Arizona lawmakers aim to derail gun buy-back programs
Photo: Video by kgun9.com
Reporter: Craig Smith
TUCSON (KGUN9-TV) - Some state lawmakers want to shoot down gun buy-backs, with a proposed state law to make sure cities must sell--not destroy guns they collect.
The bill closes a loophole that let the City of Tucson hold a buy back earlier this month.
On the anniversary of the January 8th mass shooting, people turned in more than 200 guns in return for 50 dollar Safeway gift cards.
Nearby, some gun aficionados offered cash for guns that interested them. They say they bought about 40.
Gun rights activists said state law required the city to sell the guns instead of destroying them.
The City of Tucson contends that law is for guns found or seized in crimes, not turned in voluntarily.
Now some state lawmakers are working to change the law to make it apply to all guns, even if someone turned them in.
State Representative Adam Kwasman says he can't understand why cities would not want to build up their budgets by selling firearms.
KGUN9 reporter Craig Smith said to Representative Kwasman: "Sometimes you hear city officials who do approve of these buybacks argue that the city has a public safety interest that goes beyond money in removing these weapons."
Rep. Kwasman: "I think those that believe individuals that are in good standing, that are law abiding citizens utilizing their 2nd Amendment right to purchase firearms is not a problem with society it's a benefit when good people are exercising their God-given Constitutional rights in being able to purchase a firearm as they see fit."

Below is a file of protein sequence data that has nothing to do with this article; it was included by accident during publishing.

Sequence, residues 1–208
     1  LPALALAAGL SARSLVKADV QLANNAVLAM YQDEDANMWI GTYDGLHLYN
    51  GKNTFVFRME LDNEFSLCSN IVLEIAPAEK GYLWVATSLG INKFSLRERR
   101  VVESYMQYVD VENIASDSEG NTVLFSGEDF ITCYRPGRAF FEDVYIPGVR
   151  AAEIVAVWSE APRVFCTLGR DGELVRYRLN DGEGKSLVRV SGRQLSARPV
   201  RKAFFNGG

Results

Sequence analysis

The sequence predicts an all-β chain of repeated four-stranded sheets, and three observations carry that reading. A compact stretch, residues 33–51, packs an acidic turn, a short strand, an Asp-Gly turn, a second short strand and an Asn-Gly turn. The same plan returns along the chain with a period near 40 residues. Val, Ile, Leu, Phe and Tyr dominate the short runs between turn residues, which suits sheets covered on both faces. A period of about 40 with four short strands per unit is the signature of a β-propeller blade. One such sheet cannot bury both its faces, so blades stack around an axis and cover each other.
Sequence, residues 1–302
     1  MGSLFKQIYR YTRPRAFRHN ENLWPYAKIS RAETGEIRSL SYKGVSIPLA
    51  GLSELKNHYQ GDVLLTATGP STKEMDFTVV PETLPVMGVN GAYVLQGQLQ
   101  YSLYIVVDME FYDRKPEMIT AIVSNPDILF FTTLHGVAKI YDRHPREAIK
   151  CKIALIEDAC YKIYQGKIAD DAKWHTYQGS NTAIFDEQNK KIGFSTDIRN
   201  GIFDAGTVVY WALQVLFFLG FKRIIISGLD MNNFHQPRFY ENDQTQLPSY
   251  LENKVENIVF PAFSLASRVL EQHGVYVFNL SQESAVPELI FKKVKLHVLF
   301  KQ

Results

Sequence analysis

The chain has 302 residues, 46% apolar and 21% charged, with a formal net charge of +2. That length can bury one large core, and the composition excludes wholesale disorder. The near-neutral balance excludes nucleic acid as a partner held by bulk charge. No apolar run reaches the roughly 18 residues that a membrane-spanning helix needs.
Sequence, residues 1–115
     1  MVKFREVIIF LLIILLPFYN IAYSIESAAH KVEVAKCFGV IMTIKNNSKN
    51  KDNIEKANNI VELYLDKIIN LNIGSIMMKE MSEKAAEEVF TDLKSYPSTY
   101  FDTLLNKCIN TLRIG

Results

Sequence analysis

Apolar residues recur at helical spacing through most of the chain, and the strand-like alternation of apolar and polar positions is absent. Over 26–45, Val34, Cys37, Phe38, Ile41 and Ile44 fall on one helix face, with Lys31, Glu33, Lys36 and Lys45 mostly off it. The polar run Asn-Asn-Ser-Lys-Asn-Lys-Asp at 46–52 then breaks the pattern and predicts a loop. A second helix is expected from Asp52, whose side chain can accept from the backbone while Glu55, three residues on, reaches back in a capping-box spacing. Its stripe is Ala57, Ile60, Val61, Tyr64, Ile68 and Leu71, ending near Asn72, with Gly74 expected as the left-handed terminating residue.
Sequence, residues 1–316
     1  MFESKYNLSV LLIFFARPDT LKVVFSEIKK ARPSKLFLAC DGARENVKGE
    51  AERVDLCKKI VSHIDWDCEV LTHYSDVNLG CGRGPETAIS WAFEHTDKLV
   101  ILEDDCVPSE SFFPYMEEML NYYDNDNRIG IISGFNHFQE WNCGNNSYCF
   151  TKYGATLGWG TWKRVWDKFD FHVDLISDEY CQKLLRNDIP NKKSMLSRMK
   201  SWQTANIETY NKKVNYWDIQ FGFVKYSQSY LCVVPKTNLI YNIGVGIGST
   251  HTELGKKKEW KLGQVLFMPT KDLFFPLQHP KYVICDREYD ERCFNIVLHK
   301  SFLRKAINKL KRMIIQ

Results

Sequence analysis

City Councilmember Steve Kozachik organized the buy back.
He says, "I'm used to the Legislature making fools of themselves. Clearly they're...so what about civil liberties, right? We're talking about peoples' personal property and these guys want to claim they're big civil libertarians when it comes to everything except a firearm."
Representative Kwasman says people do have a right to destroy a gun if they like, but cities should not be destroying guns instead of trying to make some money from them.
The bill, House Bill 2455, has a ways to go yet. It's already passed second reading in the House. It'll have to be considered and approved in two committees before House Members vote on whether to move it to the Senate for consideration there.